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Canada's Public Safety Minister Vic Toews removed three gun enthusiasts from a national firearms advisory committee and replaced them with police leaders. (Chris Wattie/Reuters)

The government has shaken up a committee that advises the public safety minister on firearms legislation in Canada, dumping three gun enthusiasts in favour of a trio of police leaders.

The Harper government had faced sharp criticism from gun control groups for allowing firearms experts and dealers on its Canadian Firearms Advisory Committee (CFAC).

On Monday, Public Safety Minister Vic Toews issued a news release stating Linda Baggaley, a firearms expert and dealer from Alberta, Gerry Gamble, of The Sporting Clubs of Niagara, and Kerry Higgins, a Saskatoon gunsmith, would be leaving the committee. Toews thanked all three for their service.

In their place, Toews has appointed the following to the committee: Calgary police Chief Rick Hanson, Winnipeg Police Association president Mike Sutherland, and Chief Const. Bob Rich from the Abbotsford, B.C., police force.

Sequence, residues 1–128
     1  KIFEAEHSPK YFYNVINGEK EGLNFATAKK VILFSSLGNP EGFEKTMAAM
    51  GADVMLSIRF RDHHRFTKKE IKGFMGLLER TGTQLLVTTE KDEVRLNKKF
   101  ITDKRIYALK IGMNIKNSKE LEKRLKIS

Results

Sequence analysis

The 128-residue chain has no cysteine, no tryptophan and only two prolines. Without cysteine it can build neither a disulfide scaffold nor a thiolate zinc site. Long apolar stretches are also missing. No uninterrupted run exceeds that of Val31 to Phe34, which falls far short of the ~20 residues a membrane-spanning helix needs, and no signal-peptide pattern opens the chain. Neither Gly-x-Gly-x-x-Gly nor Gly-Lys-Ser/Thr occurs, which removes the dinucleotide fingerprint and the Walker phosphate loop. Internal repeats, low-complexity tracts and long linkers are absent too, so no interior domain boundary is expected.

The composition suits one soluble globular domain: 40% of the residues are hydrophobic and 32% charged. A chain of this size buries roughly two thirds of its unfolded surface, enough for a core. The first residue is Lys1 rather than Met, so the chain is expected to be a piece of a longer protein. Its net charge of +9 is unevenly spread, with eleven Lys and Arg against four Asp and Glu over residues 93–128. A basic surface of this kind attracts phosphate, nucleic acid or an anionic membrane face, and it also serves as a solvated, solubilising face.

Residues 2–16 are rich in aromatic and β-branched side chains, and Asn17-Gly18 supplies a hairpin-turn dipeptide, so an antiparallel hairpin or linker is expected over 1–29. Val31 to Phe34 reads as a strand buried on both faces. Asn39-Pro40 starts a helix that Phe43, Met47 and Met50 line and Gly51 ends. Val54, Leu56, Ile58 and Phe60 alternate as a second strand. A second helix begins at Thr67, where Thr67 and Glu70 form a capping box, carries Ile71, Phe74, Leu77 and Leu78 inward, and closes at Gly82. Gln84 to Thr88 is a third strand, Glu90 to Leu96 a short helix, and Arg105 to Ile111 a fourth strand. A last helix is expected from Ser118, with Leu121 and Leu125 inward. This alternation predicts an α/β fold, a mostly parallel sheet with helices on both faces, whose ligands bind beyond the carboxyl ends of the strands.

"I know that these individuals will be able to provide important suggestions and input," Toews said in the release.

Gun control activists have repeatedly criticized the government for loading the CFAC with gun enthusiasts instead of police officers, victims of gun violence or people working to prevent suicide.

That criticism grew louder in December when the media published a list of recommendations from the CFAC that included further loosening restrictions on guns, including a reclassification of some assault weapons and other "prohibited" firearms.

The CFAC also called for the government to extend the duration of firearm licences from five to 10 years.

In the House of Commons, Prime Minister Stephen Harper stated the government had no plans to reclassify handguns and assault weapons now designated as prohibited. 

When pressed by interim Liberal Leader Bob Rae about the need for wider representation on the committee, Harper did not rule out the idea.

"I’m obviously very concerned with some of the recommendations made in that [CFAC] report, and I think the committee does need some re-examination in that light."